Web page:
The OD/MD model is a growth opportunity for some ophthalmology practices. Is teaming up the right move for yours?
Complementary training and skills between ophthalmologists and optometrists can make for a great team, healthcare consultant Jill Maher, MA, COE told attendees at the 2016 ASCRS/ASOA annual meeting. It can also increase revenue, optimize your current overhead, and even boost your chances of benefiting from new value-based care initiatives, like MIPS. An integrated care model dovetails nicely with the goals of health care reform—lowering costs, increasing efficiency, and improving outcomes through coordination of care.
The relationship between MDs and ODs is steadily moving towards integrated eye care, and the fruit of this partnership is crystal clear, Paul C. Ajamian, OD told the Review of Optometry in a recent interview. “MDs working closely with ODs . . . are exposed first-hand to our training and clinical expertise. It doesn’t take long for them to see how working together can benefit their practice, and, simultaneously, our mutual patients,” he said.
Is an Optometrist Right for Your Practice?
ODs often see patients who have not been to a medical doctor in years, so an optometrist may be a good fit for practices that deal frequently with diabetes. In his interview, Dr. Ajamian envisions an optometrist who knows his patient over a long period of time and who is familiar with that patient’s vision and medical history. The long-term knowledge that the OD brings to the table can help the MD provide better, more targeted care.
Because ODs screen for glaucoma, they can offer a non-threatening diabetes screening for patients who may not otherwise come into a doctor’s office. ODs can “help with diabetic patients and screening for diabetic retinopathy because patients are waiting for hours to see a retina specialist and they need a screening first,” Maher says.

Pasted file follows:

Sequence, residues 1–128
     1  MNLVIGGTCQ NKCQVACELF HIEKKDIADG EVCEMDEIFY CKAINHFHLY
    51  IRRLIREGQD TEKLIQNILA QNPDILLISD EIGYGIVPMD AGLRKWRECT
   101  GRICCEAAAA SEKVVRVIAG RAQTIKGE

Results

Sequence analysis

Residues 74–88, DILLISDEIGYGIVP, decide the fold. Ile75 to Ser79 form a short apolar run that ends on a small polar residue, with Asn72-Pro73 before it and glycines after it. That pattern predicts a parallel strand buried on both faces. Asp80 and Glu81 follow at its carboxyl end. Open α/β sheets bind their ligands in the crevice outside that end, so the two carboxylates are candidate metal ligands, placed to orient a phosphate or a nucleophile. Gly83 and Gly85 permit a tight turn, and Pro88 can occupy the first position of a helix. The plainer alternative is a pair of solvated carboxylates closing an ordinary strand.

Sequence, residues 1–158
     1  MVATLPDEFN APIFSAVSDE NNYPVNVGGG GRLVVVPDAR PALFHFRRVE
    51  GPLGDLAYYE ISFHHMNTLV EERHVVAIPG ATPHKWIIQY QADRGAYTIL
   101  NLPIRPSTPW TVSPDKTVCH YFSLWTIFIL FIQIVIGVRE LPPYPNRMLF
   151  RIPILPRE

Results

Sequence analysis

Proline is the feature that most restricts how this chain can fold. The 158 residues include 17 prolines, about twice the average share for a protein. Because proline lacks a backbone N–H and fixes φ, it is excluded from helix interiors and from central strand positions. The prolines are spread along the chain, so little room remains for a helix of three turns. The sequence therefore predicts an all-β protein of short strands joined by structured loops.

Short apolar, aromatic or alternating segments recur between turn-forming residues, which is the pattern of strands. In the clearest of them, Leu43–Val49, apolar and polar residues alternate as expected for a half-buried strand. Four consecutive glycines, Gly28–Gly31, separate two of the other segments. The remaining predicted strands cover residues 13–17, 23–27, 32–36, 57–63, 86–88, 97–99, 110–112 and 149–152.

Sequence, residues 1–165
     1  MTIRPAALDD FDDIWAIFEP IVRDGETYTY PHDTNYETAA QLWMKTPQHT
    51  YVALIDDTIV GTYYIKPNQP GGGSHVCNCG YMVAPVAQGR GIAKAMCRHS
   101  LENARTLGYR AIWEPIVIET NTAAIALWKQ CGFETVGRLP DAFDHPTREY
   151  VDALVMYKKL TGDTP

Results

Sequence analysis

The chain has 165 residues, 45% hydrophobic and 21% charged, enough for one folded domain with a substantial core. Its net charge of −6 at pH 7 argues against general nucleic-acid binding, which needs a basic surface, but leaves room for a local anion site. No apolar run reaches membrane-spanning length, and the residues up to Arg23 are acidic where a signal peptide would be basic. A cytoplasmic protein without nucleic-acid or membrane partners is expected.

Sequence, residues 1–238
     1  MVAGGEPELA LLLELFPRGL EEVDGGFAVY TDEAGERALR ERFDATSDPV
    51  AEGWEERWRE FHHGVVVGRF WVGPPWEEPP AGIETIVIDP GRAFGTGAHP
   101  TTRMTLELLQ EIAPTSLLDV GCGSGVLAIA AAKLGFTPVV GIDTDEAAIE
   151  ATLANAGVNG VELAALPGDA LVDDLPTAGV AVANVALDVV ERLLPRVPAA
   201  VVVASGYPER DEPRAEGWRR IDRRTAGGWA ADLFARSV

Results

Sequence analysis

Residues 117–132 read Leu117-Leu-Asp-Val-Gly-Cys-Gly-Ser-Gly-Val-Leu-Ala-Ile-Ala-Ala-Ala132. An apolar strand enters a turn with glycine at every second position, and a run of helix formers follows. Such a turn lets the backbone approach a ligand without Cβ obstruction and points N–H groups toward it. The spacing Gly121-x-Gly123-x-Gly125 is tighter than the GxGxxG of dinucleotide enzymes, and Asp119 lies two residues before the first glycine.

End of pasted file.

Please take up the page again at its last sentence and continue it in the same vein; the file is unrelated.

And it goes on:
A Win-Win Partnership
Reimbursements continue to slide. Providing care is becoming more expensive, exerting downward pressure on optometrists struggling to grow their practice and their income. Partnership or employment in an MD practice means that an OD can likely provide more services to a similar number of patients, growing revenue with little new patient acquisition cost.
Employment within an MD practice could also fit the career goals of many ODs. Owning a practice requires financial investment and risk, business savvy, and a significant time commitment. Not every physician is prepared—or wants—to become a business owner.
The partnership can be a real win-win, Maher notes, providing optometrists with “a more diversified patient base, top-notch tech, more support from a large staff and MD resources, and better hours than a retail establishment.” Plus, in an MD/OD model, you can keep most medical referrals in house without worrying as much about compliance pitfalls like Stark. It also eliminates the common concern that the patient won’t return to the referring physician.
3 Things to Think About
Many factors go into the planning and allocation of resources involved with bringing on an optometrist, Maher explains. For example, you’ll need to credential the OD separately with Medicare and vision plans, and ensure your staff is aware of new coding protocols. You’ll also need to consider:
Clinical staff: You will probably want to wait and see what the patient flow is before determining if your optometrist will need her own technician, Maher advises. She suggests waiting until the OD is seeing three to four patients per hour, but for some ODs, you could go up to six.
Support staff: Do you have enough front office staff to process the additional patients per day a new OD will bring in? Can your billing staff efficiently process additional claims each day? If not, your practice won’t function efficiently and your patients, and profits, will suffer.
Space: Do you have enough lanes to accommodate the new OD without slowing down your current workflow? If not, can the OD generate enough revenue to make up for the diminished workflow efficiency?
Made the decision? Follow these tips to ensure a smooth transition for your recent hire—and your current staff.